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" The web of our life is of a mingled yarn, good and ill together : our virtues would be proud if our faults whipped them not; and our crimes would despair if they were not cherished by our virtues. "
The Dramatic Works of William Shakespeare: With the Corrections and ... - Page 64
by William Shakespeare, Isaac Reed, Samuel Johnson, George Steevens - 1817
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The Living Age, Volume 198

1893
...on romance are prone to forget how truly speaks the nameless lord in " All's Well that Ends Well:" "The web of our life is of a mingled yarn, good and...not, and our crimes would despair if they were not cherished by our virtues." The fact is that, minutely as novelists affect to paint character, there...
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Midsummer-night's dream. Love's labor's lost. Merchant of Venice. As you ...

William Shakespeare, Oliver William Bourn Peabody, Samuel Weller Singer, Charles Symmons, John Payne Collier - 1846
...confident, and more easily moved by admonition. drown our gain in tears! The great dignity that his valor hath here acquired for him, shall at home be encountered...not; and our crimes would despair, if they were not cherished by our virtues.- Enter a Servant. How now ? where's your master ? Serv. He met the duke...
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The Penny satirist and London pioneer [afterw.] The London pioneer [afterw ...

...will this act be at an end?" asked Talleyrand. The web of our life is like a mingled yarn, good and Ш together; our virtues would be proud, if our faults...not ; and our crimes would despair, if they were not cheriihed by our virtues. No man can tell bat he that loves his children, how many delicions accents...
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Shakespeare Survey, Volume 37

Stanley Wells - Drama - 2002 - 240 pages
...First Lord in act 4, in which moral categories are presented in irascible- concupiscible phrasing: 'The web of our life is of a mingled yarn, good and...together; our virtues would be proud if our faults whipp'd them not, and our crimes would despair if they were not cherish' d by our virtues' (4.3.68-71)....
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All of Shakespeare

Maurice Charney - Drama - 1993 - 424 pages
...which the two lords announce the supposed death of Helena and comment on Bertram. The First Lord says: The web of our life is of a mingled yarn, good and...not, and our crimes would despair if they were not cherished by our virtues. (4. 3 74- 78) This doubleness looks ahead to such plays as Antony and Cleopatra...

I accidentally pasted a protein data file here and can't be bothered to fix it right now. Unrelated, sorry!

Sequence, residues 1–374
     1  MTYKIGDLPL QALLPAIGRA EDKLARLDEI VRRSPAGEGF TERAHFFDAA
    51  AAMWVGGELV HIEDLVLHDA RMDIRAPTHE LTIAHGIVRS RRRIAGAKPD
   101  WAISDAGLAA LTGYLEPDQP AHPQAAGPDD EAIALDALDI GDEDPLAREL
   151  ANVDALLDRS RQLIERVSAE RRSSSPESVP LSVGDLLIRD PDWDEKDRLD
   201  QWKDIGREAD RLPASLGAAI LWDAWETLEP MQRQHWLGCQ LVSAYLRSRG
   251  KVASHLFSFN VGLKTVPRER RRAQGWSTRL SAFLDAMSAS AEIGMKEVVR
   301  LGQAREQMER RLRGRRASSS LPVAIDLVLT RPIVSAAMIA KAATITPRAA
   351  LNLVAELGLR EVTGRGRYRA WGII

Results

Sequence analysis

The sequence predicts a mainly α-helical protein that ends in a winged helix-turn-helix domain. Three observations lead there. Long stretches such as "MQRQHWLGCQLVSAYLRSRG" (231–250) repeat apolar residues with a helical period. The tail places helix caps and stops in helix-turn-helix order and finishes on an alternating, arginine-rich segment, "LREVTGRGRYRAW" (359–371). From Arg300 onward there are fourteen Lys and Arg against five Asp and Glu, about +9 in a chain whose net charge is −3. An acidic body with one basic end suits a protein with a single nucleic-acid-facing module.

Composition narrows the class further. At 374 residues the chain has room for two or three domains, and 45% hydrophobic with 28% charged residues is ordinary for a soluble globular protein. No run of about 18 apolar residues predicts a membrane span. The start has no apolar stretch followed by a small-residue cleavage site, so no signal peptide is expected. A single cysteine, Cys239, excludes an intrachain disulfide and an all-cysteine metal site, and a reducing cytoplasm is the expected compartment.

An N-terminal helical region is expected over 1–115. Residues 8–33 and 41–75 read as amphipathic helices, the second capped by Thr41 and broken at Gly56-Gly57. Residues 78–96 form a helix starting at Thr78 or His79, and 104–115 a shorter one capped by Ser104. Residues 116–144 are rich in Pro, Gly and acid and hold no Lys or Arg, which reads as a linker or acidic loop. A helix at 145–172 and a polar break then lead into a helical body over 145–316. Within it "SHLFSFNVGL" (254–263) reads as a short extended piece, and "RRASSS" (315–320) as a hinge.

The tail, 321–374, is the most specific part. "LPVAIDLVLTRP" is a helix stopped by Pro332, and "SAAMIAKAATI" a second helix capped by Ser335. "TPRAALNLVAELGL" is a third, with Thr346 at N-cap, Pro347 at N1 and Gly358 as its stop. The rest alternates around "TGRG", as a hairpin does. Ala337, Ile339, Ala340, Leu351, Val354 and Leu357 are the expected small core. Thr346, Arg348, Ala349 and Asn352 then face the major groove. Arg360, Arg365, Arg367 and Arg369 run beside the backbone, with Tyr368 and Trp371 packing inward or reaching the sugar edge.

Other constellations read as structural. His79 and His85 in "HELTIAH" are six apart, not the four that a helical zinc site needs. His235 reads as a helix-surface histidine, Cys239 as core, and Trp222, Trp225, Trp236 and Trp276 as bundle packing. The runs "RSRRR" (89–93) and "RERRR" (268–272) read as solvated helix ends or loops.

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New Theatre Quarterly 34: Volume 9, Part 2

Clive Barker, Simon Trussler - Drama - 1993 - 96 pages
...ourselves and our nature. In All's Well that Ends Well, Shakespeare says, 'the web of our lives is a mingled yarn, good and ill together. Our virtues...not, and our crimes would despair if they were not cherished by our virtues.' Again, it seemed obvious to me that if this was one of the central tenets...
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Shakespeare and the Mannerist Tradition: A Reading of Five Problem Plays

Jean-Pierre Maquerlot - Drama - 1995 - 197 pages
...nobility, in his proper stream o'erflows himself. 1v, iii, 18-24 And later in the same scene: FIRST LORD. The web of our life is of a mingled yarn, good...together; our virtues would be proud if our faults whipp'd them not, and our crimes would despair if they were not cherish'd by our virtues. 1v, iii,...
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Shakespeare: A Life in Drama

Stanley Wells - Literary Criticism - 1997 - 416 pages
...moral observation, stressing the inevitable mixture in the human makeup of good and bad qualities: The web of our life is of a mingled yarn, good and...not, and our crimes would despair if they were not cherished by our virtues. (4.3.74-7) It is no accident that this compassionate comment on Bertram is...
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Writing Educational Biography: Explorations in Qualitative Research

Craig Alan Kridel - Education - 1998 - 304 pages
...common. Both are narratives, and both face the challenge of untangling, telling and emplotting a life: The web of our life is of a mingled yarn, good and...not; and our crimes would despair, if they were not cherished by our virtues. (Shakespeare, All's Well That Ends Well, IV. iii. 83) Both require the creation...
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All's Well that Ends Well

William Shakespeare - Drama - 1998 - 245 pages
...his valour hath here acquired for him shall at home be encountered with a shame as ample. 70 FIRST LORD The web of our life is of a mingled yarn, good and ill together. Our virtues would be proud if 42 higher farther (?); compare Merry 50 sanctimony personal holiness Wives 5.5.104, and 2.1.208 above....
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